You know this because you time yourself.
After 15 minutes of boiling, you put a teaspoon of jelly onto a cold plate and wait 30 seconds to see if it wrinkles on the top.
It doesn’t, so you chuck in some JamSetta and proceed according to packet directions.
Then you pour your hot jelly into your hot jars and put the lids on.
Then you step back and look at your one and a half lousy jars of Lilly Pilly Jelly, which – taking into account the time, effort, petrol, mileage, cheesecloth, JamSetta, Panadol, possible psychiatric intervention etc involved – have cost about 15 bucks each.
Luckily it tastes really nice.
This picture arrived in my inbox yesterday from my mate Martha Stewart.
The accompanying text said, “This Mother’s Day, pamper Mom with a handmade eye mask that includes a message from you.”
I think my message would be, “Wake up, Grandpa! Nanna wants to scare the crap out of you,” but maybe that’s just me.
Here are some more craft suggestions from Martha in case you can’t make it down to the deli today to buy Mom a bunch of flowers.
You will find all of them (and more) at marthastewart.com.
A balloon bouquet.
There’ll be lots of phone calls and chatting today because no one who works full time wants to drive an 832km round trip to say Happy Mother’s Day in person (we’re a sentimental bunch).
After all the chatting I’ll be knackered but I’ll soldier on and make something out of the quinces that I picked off the trees I planted three years ago.
According to Australia’s Homemade Jam and Preserves Book, which is sitting next to me as I type, the ancient Greeks used quinces as an antidote for hangovers, poisons, upsets and fevers.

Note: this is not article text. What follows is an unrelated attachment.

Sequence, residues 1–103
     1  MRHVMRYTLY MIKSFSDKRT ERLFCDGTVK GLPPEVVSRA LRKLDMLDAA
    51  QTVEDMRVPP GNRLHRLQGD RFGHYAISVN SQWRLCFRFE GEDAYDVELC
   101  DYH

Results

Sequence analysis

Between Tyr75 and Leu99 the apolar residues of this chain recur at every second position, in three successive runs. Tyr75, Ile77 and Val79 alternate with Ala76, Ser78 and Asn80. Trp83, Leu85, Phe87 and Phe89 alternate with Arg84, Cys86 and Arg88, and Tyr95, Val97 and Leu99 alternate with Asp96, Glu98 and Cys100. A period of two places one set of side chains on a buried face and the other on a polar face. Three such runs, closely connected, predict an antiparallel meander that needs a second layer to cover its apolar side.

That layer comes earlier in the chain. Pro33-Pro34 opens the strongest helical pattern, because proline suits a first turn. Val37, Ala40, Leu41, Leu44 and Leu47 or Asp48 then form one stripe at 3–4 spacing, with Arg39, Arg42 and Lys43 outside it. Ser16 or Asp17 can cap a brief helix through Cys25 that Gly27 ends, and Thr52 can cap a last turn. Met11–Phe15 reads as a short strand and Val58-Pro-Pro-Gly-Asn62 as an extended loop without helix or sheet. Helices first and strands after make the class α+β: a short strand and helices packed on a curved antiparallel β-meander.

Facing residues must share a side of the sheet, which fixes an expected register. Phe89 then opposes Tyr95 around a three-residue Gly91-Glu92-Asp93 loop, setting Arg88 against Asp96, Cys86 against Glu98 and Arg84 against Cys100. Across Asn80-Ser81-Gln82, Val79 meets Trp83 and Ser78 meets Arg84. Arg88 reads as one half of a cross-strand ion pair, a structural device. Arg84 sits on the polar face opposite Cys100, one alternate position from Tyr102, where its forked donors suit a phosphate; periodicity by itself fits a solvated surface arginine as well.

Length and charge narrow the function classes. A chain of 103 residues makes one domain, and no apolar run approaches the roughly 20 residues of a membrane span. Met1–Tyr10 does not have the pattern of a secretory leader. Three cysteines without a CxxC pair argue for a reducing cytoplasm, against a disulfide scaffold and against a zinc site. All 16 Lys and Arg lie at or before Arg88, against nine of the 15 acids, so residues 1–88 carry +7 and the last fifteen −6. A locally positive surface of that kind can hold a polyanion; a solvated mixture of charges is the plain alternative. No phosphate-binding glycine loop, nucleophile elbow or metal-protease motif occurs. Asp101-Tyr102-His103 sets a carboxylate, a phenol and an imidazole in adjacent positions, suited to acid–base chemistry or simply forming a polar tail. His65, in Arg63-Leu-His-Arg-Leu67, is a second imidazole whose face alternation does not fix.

Who would’ve thought?
My quinces have been ripening in a box for weeks and are covered in scabby bits but they smell beautiful and should be fine for quince paste or jam or something.
If I’m feeling particularly Martha-ish, I might also pick the lillypilly berries that are growing on the hedge at the bottom of the garden and make some lillypilly jam.
But here’s a recipe anyway.
PS: There’s only one more week left of this latest full-time-work stint at the ABC, thank Christ.
No more getting out of bed at 5.30am.
Plus, Grandpa and I will be able to come and visit everyone. Yay!
LILLY PILLY JAM
2 granny smith apples
juice of 1 lemon
600g caster sugar
Wash the lilly pillies well. Peel and core the apples, then chop into small pieces.
Put lilly pillies, apples, lemon juice, water and sugar in a small saucepan and slowly bring to the boil over a medium heat.
Reduce heat to low and simmer for 45 minutes.
Add more lemon juice if the mixture does not appear to set.
Use a potato masher to break the skin and seed from the fruit.
Strain mixture to remove skin and seeds.
Return pan to heat and, when reduced, use a stick blender to combine.
Set aside to cool, then refrigerate.
To store, pour into hot, sterilised jars and seal when cold.
This recipe is from Better Homes and Garden magazine.
If I make it and it doesn’t set, I’ll use some JamSetta, which you can buy at supermarkets.